Brideshead Revisited

The March issue of Vanity Fair is promoting the new big screen production of Brideshead Revisited. I am horrible at playing those games and answering those questionnaires that ask you your favorites. Psychologically, unlike aesthetically, I am not black and white; I live in the land of grey.

Emma Thompson as the matriarch Lady Marchmain.

So, rather than the one-word association game I’m supposed to be playing, I’m often working in paragraphs, and everyone else has moved on. I’m particularly conflicted on favorite book. But, one of my top ten, no, top five, would be Brideshead Revisited. It’s a book of love affairs, mostly those of Charles Ryder, and the best is his love affair with the house.

Matthew Goode as Charles Ryder.

The author Evelyn Waugh clearly had fallen in love with a house or two in his day. The home, Brideshead, is, without question, a character in the novel.

Hayley Atwell as Julia Flyte.

Some folks are a little worked up that anyone is taking on this project. A television mini-series that aired in 1981 is, apparently, beloved. I was oblivious, in 1981, to Brideshead Revisited, and almost anything other than Tony Ward, but that’s another story.

Ben Wishaw as Sebastian Flyte.

In case you have not read the book, one of the main characters is Sebastian Flyte, a college-aged man (boy) who carries a teddy bear named Aloysius with him almost everywhere he goes. Before you comment on what kind of nut case has a teddy bear in college, I need to confess, I took my childhood bear with me to college and slept with him almost every night. Sadly, his name is not so clever (it is Bear) a point which vexes me to this day. I was quite a theatrical child; I think I could have done better. In Sebastian’s honor, I named the first pet I adopted as an adult after him. A yellow and white pound cat, he was not nearly as Flytey as his namesake.

The mini-series location was Castle Howard, pictured top. The movie, it has been reported, is being filmed at Chatsworth House, above, which is, as you can see, beyond beyond. Jennifer Dwyer did a great post on the house and it’s owner a while back. I already know I love the story and I can’t imagine I would be disappointed by the settings, but I plan to rent the mini-series to see how they all stack up. Besides, it’s a great excuse to snuggle up with Mr. Blandings. And Bear.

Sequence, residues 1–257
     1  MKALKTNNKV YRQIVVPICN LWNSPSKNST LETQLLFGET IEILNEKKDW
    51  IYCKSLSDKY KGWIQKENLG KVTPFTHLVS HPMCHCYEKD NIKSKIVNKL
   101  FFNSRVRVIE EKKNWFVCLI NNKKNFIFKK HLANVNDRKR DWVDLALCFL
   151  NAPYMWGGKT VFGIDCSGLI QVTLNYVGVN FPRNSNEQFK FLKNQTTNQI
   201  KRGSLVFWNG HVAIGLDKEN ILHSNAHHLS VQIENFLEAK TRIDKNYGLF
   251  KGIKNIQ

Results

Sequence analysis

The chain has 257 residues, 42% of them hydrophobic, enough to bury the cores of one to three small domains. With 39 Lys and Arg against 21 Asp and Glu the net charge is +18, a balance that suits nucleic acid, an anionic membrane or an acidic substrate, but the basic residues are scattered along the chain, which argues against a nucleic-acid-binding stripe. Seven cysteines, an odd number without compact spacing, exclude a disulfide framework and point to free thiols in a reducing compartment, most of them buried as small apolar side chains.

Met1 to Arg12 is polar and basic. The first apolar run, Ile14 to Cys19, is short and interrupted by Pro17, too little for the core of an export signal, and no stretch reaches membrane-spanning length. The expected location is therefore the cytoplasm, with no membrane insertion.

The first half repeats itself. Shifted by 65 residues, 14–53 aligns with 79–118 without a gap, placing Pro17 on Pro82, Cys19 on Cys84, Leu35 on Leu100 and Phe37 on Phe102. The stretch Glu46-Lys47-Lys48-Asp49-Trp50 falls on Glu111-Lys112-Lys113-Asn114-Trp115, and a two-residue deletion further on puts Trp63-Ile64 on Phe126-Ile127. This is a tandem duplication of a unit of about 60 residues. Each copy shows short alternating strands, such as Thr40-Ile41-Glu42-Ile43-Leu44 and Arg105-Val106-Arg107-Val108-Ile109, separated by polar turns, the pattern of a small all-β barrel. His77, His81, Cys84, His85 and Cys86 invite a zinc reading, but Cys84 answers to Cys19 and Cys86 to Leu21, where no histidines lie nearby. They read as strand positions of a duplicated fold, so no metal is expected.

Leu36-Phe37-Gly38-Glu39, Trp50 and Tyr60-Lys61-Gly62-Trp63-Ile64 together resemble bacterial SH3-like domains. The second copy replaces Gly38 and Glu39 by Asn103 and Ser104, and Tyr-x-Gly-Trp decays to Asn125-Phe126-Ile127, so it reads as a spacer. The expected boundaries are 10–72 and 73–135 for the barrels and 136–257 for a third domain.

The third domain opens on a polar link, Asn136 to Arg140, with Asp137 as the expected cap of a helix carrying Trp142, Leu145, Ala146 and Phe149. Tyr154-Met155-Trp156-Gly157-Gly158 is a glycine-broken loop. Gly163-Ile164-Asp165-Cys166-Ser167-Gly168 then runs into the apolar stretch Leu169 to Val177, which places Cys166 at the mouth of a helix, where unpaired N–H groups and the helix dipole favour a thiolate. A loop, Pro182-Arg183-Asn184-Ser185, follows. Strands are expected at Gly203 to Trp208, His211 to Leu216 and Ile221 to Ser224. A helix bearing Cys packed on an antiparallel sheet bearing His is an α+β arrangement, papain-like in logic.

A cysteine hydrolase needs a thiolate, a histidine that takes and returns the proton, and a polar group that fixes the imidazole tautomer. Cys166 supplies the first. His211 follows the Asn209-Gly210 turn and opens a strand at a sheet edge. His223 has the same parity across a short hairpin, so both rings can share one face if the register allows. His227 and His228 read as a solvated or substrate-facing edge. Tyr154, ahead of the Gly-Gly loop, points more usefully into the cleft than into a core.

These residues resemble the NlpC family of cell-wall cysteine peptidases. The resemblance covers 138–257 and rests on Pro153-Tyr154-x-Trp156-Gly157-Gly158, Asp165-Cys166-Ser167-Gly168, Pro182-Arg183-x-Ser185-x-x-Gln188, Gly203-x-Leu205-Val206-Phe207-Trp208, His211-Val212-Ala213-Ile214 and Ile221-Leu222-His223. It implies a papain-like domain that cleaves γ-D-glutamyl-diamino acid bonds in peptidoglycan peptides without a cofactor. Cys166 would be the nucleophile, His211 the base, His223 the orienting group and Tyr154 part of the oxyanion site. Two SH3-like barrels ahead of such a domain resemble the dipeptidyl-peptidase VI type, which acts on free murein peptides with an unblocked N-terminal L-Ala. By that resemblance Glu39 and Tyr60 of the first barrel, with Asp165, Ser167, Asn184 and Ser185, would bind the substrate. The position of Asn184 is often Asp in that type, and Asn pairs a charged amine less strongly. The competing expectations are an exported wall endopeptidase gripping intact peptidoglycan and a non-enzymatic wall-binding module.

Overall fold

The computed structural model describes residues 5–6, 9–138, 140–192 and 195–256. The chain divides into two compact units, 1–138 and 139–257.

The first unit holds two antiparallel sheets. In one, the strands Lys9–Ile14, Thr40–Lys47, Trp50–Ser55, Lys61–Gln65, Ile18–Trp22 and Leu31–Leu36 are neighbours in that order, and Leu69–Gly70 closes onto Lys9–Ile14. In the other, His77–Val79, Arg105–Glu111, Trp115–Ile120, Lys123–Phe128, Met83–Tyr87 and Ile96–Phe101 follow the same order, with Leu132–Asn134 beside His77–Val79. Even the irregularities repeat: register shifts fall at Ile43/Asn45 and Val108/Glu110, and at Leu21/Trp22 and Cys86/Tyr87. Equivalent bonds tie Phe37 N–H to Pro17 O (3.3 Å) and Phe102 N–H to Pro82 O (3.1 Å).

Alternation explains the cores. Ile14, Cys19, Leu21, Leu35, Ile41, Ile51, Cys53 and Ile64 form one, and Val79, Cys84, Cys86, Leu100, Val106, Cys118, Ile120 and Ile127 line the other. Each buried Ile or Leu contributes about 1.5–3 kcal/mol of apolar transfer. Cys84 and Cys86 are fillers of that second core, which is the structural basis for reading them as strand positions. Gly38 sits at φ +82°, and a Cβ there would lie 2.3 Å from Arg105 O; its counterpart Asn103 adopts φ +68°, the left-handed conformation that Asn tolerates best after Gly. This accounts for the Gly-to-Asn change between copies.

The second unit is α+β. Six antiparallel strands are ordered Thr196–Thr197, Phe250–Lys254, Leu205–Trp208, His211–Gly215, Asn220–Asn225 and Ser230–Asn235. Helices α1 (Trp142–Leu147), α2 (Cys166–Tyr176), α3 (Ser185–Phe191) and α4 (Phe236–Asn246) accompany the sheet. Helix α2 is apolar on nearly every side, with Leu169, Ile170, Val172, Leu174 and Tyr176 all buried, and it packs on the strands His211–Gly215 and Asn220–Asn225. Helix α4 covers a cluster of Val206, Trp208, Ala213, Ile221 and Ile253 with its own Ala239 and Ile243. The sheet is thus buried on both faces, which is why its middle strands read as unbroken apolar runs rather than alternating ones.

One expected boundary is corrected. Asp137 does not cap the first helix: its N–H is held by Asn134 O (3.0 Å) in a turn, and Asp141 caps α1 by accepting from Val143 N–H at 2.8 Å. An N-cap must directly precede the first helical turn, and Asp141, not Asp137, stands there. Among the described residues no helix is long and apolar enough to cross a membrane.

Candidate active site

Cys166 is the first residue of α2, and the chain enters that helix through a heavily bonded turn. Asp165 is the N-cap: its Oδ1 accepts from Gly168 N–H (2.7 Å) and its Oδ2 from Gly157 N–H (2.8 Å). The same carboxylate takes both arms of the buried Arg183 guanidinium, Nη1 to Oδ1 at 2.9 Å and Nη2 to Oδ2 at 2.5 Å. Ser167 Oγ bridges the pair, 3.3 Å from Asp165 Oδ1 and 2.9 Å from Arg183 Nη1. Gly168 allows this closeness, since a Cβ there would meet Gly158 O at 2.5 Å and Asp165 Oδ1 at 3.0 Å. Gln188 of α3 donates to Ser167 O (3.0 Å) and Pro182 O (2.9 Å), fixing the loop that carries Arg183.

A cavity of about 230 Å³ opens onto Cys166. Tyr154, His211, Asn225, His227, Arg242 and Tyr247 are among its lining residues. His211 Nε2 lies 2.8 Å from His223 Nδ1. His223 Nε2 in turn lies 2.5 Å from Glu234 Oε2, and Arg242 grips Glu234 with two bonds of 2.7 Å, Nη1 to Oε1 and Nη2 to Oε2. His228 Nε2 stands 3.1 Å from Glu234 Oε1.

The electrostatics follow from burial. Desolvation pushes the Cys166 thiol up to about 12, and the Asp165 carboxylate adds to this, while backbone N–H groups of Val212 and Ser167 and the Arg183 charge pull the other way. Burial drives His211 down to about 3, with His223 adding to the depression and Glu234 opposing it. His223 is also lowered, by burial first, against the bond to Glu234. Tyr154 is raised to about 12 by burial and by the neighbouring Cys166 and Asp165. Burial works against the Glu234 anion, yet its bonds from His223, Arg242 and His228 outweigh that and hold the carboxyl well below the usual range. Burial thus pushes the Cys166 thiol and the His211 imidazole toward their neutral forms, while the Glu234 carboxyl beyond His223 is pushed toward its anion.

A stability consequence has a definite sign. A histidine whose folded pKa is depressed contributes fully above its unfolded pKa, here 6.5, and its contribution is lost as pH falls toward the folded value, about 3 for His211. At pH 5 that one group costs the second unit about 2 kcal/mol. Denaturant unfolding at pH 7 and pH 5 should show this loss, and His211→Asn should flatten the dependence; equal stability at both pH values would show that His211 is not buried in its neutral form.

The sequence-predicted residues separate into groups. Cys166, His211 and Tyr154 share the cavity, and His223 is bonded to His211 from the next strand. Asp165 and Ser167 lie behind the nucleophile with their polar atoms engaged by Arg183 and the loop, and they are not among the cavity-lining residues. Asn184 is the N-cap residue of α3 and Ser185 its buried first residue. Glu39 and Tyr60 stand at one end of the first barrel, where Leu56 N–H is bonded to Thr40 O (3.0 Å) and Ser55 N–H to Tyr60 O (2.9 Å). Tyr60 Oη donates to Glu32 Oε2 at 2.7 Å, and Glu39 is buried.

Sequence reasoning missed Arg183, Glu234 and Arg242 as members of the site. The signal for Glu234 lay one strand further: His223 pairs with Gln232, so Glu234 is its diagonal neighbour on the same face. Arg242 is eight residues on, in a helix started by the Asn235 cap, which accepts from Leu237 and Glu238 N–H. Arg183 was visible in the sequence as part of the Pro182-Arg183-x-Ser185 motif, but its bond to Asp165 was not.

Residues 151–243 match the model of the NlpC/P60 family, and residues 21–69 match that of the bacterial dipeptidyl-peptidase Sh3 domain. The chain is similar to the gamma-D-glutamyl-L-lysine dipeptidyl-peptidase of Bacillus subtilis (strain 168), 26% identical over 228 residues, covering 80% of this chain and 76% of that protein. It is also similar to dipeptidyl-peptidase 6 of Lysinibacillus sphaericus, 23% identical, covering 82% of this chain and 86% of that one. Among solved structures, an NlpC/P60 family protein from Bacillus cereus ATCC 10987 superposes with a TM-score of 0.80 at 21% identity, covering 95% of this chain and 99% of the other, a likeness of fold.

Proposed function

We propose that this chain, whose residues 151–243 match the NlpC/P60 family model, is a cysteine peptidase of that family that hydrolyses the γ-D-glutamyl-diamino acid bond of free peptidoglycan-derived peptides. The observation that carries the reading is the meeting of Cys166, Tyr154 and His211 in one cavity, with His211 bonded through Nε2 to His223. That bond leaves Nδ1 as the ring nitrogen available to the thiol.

All images of the actors, Vanity Fair.
Post-script: Joni, of Cote de Texas is correct.  Chatsworth House was an original location for the movie, but it was actually filmed at Castle Howard as well.  Thanks for the heads-up.
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23 thoughts on “Brideshead Revisited

  1. I can’t wait! The new version looks like it is going to be very beautiful, as is Matthew Goode 🙂

    I think I might have to rent the original and watch it again soon too!

  2. Oh Mrs. B., rent “Brideshead”? You must own it (as I do.) It is an annual viewing for us every spring. I actually saw the miniseries while in high school and didn’t get to the book until college. And couldn’t leave either alone after that. I believe Waugh’s love was for a period of time “between the wars” whose tastes, values and way of life had (rapidly) disappeared from his England.

    But you are correct, too. Rent the miniseries and watch Jeremy Irons’ (Charles’) face when he is first shown the house interior (with Anthony Andrews throwing open the shutters….) Yes, the house is a character.

    Et in Arcadia Ego.

  3. Now I am feeling like a bit of a poser as I have not even seen it, let alone own it. Off to click and buy now. If E&E thinks it is worthy of annual viewing, that is good enough for me.

  4. E&E – in addition, at least for the book, I think the romances are many – between the friends, each character and the house, with Charles and Julia, with the Church, and England. Even Lady Marchmain and her estranged husband are connected until the end. When I was clicking around looking for info on the mini-series, one blog commenter wondered why the the Marchmains were so enamored of Charles; he opined that it was Waugh’s wish that he would be embraced by the upper class. There are a few authors who almost make me pet the page the writing is so beautiful. Waugh is one.

  5. You’ve read the book, Mrs. B., no aura of poseur about you at all, nor could there be.

    You flatter me, but I know that you will not be disappointed. When I accidentally landed in Muncie, IN for a couple of years, I tried to find a copy. The VHS hadn’t been re-released by Granada, and was out of production. My local library (where I could also borrow paintings and sculptures!) had a copy. I was so pleased and told the librarian of my attempts to run it to ground, etc. She told me, sotto voce, to copy it for my very own.

    Years later when that copy had given up the ghost, the DVD was released. I am on my second (store bought) copy now… .


  6. List your other authors for us, please. If they’re not on the shelf, I’ll scoop them up at once. I feel as you do. I read articles about topics in which I have no interest in the New Yorker simply because they are so well-written.